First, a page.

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Xiao-feng Jia Medical School of Fudan University, Center for Biomedical Research, The Rockefeller University, National Population and Family Planning Key Laboratory of Contraceptive Drugs and Devices, Department of Anatomy, Shanghai, China

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Yong-Mei Chen Medical School of Fudan University, Center for Biomedical Research, The Rockefeller University, National Population and Family Planning Key Laboratory of Contraceptive Drugs and Devices, Department of Anatomy, Shanghai, China

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Michelle Santos Medical School of Fudan University, Center for Biomedical Research, The Rockefeller University, National Population and Family Planning Key Laboratory of Contraceptive Drugs and Devices, Department of Anatomy, Shanghai, China

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Ai-Zhen Wu Medical School of Fudan University, Center for Biomedical Research, The Rockefeller University, National Population and Family Planning Key Laboratory of Contraceptive Drugs and Devices, Department of Anatomy, Shanghai, China

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Xiao-dong Zhang Medical School of Fudan University, Center for Biomedical Research, The Rockefeller University, National Population and Family Planning Key Laboratory of Contraceptive Drugs and Devices, Department of Anatomy, Shanghai, China

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Hui-Juan Shi Medical School of Fudan University, Center for Biomedical Research, The Rockefeller University, National Population and Family Planning Key Laboratory of Contraceptive Drugs and Devices, Department of Anatomy, Shanghai, China
Medical School of Fudan University, Center for Biomedical Research, The Rockefeller University, National Population and Family Planning Key Laboratory of Contraceptive Drugs and Devices, Department of Anatomy, Shanghai, China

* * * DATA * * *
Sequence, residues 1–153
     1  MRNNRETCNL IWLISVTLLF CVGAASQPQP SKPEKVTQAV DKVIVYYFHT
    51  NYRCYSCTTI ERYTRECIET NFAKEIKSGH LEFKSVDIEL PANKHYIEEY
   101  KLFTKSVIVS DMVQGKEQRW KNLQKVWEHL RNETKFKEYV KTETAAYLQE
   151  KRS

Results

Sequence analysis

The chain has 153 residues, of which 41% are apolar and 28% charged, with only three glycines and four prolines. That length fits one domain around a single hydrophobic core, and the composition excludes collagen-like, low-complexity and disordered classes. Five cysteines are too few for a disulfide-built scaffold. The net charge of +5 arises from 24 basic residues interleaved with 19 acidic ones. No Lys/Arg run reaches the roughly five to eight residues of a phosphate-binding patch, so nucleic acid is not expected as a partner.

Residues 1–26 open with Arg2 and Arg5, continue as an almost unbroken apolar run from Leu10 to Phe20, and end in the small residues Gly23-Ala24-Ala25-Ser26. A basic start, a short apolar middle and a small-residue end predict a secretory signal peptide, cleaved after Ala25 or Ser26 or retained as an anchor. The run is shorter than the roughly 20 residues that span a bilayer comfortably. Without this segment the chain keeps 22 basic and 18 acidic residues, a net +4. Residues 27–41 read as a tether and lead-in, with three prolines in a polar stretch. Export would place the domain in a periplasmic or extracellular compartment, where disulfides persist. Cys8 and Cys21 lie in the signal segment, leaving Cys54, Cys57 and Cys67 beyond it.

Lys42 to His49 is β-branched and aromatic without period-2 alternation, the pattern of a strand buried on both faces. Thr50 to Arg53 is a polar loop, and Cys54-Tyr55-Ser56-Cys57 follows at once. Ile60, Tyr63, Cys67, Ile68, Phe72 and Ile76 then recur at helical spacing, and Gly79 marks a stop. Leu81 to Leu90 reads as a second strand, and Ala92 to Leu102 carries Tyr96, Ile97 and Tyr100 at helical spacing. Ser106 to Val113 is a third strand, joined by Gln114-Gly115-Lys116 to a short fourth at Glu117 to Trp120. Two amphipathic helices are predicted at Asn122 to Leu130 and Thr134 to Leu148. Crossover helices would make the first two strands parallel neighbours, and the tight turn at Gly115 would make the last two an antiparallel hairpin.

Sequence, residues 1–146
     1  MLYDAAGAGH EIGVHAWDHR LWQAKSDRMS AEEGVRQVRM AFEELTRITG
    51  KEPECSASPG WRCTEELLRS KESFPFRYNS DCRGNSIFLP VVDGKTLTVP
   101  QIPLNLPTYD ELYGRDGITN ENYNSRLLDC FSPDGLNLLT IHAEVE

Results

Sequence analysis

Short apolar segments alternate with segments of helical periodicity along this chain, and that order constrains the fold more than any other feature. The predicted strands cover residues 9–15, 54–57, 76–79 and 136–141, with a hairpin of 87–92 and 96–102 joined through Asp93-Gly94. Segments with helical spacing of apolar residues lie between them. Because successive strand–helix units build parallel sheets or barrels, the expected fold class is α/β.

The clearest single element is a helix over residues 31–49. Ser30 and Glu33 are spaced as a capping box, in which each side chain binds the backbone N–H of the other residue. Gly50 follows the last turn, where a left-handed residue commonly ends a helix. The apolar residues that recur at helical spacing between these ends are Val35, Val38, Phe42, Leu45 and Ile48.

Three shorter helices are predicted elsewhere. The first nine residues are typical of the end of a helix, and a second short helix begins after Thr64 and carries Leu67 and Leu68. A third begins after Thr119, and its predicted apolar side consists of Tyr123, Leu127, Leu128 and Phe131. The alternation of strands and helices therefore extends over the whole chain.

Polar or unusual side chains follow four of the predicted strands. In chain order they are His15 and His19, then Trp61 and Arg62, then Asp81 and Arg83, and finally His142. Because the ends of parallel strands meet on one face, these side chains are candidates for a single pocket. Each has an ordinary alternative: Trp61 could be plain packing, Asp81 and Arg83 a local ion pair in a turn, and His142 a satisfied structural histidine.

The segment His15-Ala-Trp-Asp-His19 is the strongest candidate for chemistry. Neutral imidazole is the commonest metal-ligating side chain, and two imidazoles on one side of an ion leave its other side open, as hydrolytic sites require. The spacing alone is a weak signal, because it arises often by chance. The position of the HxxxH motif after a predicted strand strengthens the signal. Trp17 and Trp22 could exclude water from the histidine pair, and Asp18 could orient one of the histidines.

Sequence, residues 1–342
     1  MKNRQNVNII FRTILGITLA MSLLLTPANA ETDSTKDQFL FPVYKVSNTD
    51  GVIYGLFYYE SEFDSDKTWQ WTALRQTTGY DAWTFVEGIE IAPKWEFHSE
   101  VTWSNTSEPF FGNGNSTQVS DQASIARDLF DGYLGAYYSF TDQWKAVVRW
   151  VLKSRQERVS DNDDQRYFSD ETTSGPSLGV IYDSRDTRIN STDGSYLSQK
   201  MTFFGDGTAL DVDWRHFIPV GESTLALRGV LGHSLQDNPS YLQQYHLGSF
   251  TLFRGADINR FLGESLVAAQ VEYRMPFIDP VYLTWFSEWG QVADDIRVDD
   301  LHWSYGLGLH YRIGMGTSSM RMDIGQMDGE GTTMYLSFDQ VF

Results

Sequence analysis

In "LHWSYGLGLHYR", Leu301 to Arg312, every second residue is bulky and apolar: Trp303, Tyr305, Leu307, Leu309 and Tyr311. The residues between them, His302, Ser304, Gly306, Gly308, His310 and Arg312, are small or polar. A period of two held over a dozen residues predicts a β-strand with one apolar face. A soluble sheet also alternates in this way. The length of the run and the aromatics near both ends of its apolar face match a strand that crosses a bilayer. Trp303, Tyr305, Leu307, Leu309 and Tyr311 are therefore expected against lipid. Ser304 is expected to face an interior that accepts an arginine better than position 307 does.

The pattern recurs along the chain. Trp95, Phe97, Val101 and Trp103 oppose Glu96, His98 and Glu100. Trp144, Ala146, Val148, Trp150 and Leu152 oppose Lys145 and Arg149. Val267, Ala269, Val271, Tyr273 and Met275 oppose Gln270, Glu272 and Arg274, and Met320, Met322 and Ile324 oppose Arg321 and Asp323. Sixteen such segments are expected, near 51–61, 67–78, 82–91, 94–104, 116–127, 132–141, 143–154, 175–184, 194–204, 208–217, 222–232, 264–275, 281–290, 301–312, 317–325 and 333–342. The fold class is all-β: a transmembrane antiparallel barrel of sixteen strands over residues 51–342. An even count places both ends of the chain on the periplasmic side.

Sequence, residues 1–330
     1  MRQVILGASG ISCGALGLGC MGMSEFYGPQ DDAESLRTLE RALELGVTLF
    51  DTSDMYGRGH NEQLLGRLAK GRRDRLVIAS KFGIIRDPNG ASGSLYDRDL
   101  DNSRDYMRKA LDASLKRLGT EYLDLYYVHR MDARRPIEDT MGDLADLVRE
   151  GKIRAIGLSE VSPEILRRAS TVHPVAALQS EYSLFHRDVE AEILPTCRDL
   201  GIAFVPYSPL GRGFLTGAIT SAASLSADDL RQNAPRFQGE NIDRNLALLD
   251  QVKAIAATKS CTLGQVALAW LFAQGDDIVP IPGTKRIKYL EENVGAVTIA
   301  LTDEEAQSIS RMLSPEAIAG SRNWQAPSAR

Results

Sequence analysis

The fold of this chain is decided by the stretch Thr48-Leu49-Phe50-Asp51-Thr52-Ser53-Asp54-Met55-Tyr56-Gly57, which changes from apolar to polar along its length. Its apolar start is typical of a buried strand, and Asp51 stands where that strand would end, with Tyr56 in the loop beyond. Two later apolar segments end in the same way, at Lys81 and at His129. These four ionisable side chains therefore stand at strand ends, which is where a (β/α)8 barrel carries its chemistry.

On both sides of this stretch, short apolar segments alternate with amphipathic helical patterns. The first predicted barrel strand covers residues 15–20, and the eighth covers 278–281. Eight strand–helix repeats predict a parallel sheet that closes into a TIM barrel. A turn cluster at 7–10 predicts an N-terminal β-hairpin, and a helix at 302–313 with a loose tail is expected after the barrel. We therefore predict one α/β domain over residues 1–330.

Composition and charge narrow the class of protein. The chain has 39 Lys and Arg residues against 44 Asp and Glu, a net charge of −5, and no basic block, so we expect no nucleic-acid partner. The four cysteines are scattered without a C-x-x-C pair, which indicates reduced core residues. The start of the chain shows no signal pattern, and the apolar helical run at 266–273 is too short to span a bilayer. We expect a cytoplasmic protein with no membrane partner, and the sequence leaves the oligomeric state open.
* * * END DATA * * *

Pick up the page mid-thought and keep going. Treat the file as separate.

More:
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Ching-Ling C Chen Medical School of Fudan University, Center for Biomedical Research, The Rockefeller University, National Population and Family Planning Key Laboratory of Contraceptive Drugs and Devices, Department of Anatomy, Shanghai, China
Medical School of Fudan University, Center for Biomedical Research, The Rockefeller University, National Population and Family Planning Key Laboratory of Contraceptive Drugs and Devices, Department of Anatomy, Shanghai, China

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With tetraspanning topology, members of the membrane-spanning four-domain subfamily A (MS4A) may facilitate signaling or ion channel functions in many tissues. In this study, we report the cloning of a full-length cDNA from rat testis, designated Ms4a14 (Sp3111), which encodes the MS4A protein with 1139 amino acid residues. In situ hybridization and immunohistochemical analyses indicate that Ms4a14 is predominantly expressed from round spermatids to spermatozoa at specific stages in the rat testis at both the mRNA and protein level. Immunofluorescence analysis revealed that MS4A14 (SP3111) is located in the acrosome and the midpiece of the flagellum in mature sperm. Previously, we explored and reported the involvement of MS4A14 in reproductive functions, using antibody blockage during IVF and a transgenic RNA interference method in a mouse model. Our results suggested that MS4A14 is involved in fertilization and zygote division. As MS4A14 protein exists in mammals, such as humans, cows, dogs, and rodents, MS4A14 may play a ubiquitous role in mammalian reproduction.